For most classical music-loving Fringe-goers, 100 Princes Street is the place to be for top notch classical performances during the festival season and Mozart at Teatime is no exception. The four incredibly talented musicians that make up the Cavaleri Quartet and the mesmerising skills of Sean Shibe on classical guitar deliver an hour of Mozart and his Italian counterpart Boccherini, performed with passion and conviction appropriate to the music.
Getting things started with Mozart’s second Prussian Quartet piece, Quartet in B Flat, the Cavaleri Quartet throw themselves into an intense performance. This is evident in both their body language and facial expressions: they use eye contact to feed off one another, fuelling each other’s performances with Mozart’s question and answer and imitation throughout the four movements of the piece. This ranges from the fast-paced and exciting ‘Allegro’ to the smoother, more relaxed tempo of ‘Menuetto: Moderato’. Violinists Anna Harpham, Ann Beilby and Ciaran McCabe intermingle beautifully, allowing one another to take on prominent melodies to reveal their individual talent while cellist Rowena Calvert not only provides a good base for the quartet but also expresses her own talents and techniques, manipulating the cello’s pitch to blend in with the three violins.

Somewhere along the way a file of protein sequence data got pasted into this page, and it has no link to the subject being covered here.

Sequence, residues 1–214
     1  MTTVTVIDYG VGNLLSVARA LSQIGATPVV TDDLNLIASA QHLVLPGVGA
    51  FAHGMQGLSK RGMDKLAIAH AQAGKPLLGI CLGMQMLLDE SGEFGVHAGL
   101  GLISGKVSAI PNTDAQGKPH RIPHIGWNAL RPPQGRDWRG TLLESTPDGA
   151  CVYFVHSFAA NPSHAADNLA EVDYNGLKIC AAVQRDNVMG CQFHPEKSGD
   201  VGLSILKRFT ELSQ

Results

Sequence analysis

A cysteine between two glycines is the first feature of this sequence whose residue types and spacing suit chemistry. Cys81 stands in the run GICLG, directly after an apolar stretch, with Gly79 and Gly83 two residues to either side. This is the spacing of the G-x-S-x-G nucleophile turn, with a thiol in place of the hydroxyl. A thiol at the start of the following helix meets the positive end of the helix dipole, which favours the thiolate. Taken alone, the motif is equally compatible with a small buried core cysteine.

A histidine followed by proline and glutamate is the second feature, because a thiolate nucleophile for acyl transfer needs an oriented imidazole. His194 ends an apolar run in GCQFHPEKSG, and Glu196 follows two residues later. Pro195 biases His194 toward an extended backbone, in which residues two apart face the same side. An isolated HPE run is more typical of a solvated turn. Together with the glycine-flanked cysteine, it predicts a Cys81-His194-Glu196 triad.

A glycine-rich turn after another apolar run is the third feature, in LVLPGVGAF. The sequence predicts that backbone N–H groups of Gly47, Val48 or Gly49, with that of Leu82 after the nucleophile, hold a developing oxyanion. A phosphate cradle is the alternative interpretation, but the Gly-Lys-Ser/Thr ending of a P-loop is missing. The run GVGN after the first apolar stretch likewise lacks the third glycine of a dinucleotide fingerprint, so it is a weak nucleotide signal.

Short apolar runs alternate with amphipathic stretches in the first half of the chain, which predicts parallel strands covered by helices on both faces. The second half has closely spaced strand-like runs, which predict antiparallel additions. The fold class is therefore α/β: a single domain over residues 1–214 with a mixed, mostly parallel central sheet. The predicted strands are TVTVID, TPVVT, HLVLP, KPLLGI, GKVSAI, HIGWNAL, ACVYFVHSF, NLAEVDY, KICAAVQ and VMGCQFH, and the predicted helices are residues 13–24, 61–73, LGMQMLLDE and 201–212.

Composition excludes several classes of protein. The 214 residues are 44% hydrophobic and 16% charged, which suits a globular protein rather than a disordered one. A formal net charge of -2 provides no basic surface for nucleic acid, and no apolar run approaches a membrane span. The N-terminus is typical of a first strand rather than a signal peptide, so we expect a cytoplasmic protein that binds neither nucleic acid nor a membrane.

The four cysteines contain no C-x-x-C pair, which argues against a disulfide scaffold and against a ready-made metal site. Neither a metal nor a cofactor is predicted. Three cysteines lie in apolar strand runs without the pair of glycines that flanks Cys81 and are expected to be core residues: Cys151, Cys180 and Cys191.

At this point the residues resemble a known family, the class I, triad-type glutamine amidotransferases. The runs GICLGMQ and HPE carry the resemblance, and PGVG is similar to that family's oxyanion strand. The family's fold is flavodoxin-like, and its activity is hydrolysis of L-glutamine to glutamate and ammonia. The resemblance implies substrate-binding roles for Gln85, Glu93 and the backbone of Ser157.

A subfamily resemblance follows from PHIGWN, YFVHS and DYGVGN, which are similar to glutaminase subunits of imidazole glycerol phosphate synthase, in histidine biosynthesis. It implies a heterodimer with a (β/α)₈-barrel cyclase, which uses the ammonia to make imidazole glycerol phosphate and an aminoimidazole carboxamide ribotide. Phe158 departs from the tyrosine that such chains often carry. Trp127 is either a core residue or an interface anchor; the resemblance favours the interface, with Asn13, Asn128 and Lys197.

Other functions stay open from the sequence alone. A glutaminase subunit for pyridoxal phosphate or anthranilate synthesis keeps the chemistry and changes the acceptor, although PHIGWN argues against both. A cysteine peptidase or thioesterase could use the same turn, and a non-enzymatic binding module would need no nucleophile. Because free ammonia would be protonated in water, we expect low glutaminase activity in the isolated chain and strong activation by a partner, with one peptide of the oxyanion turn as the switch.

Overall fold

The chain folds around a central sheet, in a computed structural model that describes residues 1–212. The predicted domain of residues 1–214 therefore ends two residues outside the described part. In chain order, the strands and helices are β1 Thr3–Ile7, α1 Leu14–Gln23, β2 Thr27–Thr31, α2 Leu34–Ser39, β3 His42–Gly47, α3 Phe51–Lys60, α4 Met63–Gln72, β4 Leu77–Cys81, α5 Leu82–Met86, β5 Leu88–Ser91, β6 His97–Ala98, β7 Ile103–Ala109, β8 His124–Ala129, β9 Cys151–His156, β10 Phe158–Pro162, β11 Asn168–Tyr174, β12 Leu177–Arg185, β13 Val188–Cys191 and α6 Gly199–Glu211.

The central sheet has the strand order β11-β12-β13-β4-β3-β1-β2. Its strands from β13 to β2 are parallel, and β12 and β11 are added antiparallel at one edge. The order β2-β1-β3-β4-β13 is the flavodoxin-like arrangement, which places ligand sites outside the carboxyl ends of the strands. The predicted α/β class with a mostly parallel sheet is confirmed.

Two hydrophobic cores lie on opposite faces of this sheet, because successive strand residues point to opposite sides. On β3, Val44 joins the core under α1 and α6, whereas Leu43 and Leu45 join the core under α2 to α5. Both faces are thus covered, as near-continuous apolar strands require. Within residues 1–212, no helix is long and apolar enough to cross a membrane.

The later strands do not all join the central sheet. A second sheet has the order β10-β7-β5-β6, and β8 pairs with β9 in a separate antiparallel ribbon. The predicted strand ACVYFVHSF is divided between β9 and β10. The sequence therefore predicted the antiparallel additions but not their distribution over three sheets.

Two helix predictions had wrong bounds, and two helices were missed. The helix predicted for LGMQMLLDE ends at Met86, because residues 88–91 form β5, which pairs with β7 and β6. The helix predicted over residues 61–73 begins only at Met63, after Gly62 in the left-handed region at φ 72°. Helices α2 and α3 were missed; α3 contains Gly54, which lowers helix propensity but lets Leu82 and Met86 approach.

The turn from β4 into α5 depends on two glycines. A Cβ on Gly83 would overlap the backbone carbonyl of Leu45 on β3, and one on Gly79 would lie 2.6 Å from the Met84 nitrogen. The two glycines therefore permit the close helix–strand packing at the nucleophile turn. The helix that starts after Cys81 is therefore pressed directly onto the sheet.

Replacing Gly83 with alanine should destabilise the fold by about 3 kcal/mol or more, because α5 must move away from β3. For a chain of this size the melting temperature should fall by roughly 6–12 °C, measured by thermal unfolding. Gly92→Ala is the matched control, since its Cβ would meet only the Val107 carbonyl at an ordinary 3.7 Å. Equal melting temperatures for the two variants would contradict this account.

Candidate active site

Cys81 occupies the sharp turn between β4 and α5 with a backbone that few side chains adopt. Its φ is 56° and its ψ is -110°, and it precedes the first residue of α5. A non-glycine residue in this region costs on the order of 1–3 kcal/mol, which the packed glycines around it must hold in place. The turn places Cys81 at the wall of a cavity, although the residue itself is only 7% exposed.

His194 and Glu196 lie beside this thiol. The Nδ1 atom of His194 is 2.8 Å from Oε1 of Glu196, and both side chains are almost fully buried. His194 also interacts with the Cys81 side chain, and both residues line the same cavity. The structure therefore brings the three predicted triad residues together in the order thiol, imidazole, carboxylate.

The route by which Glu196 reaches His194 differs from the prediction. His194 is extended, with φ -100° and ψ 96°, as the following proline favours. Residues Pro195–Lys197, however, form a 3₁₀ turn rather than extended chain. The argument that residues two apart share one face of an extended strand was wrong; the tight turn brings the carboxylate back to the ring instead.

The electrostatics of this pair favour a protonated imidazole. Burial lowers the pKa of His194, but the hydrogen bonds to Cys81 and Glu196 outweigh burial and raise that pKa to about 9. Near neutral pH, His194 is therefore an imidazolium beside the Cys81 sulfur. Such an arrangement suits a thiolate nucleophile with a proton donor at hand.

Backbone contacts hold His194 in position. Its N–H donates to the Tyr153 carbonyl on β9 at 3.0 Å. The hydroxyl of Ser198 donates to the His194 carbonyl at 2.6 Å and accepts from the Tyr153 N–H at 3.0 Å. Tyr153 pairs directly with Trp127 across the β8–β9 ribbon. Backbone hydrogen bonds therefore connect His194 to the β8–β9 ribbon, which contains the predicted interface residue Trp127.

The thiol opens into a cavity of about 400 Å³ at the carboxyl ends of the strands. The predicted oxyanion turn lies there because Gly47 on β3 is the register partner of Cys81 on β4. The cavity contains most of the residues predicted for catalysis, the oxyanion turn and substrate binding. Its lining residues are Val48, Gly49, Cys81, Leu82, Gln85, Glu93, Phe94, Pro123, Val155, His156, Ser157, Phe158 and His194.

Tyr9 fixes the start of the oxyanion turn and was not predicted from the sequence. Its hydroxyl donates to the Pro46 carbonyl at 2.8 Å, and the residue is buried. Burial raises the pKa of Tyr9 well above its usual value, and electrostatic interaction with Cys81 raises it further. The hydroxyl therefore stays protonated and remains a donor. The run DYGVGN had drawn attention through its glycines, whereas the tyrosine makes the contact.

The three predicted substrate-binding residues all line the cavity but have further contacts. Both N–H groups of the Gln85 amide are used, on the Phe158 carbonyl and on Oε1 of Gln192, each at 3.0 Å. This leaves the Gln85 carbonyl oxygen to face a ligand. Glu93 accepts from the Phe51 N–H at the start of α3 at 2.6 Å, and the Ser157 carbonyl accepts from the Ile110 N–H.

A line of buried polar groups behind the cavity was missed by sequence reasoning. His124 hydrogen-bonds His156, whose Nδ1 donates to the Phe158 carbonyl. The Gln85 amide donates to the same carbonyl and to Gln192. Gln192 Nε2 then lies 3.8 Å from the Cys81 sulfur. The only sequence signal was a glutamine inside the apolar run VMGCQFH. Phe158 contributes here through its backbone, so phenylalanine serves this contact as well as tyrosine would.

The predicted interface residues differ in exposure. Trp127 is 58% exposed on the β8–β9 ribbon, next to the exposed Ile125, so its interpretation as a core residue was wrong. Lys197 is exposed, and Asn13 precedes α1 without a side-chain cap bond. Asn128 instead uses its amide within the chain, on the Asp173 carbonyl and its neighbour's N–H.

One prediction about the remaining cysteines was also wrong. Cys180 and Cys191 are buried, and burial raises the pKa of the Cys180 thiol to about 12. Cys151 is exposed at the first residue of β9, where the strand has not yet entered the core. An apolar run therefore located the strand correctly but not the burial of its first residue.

The second half saw Sean Shibe join the quartet with his classical guitar for a rendition of Boccherini’s ‘Quintet In D Op 40’, also known as ‘Fandango’, which is the name of its final and most exciting movement. With his guitar, Shibe blends in with the string quartet but also stands out, bringing an altogether Spanish/Italian feel to the performance.
During the more demanding parts of the Boccherini piece, the quintet really give it their all, particularly during the final movement ‘Fandango’, during which Calvert exhibits some amazing techniques, slapping the cello strings with her bow almost aggressively while Shibe delivers mesmerising fretwork and stabbing chords. Both chosen pieces are incredibly ambitious and generously textured. The quintet presents them with an enthralling style and passion that the original composers would surely be proud of.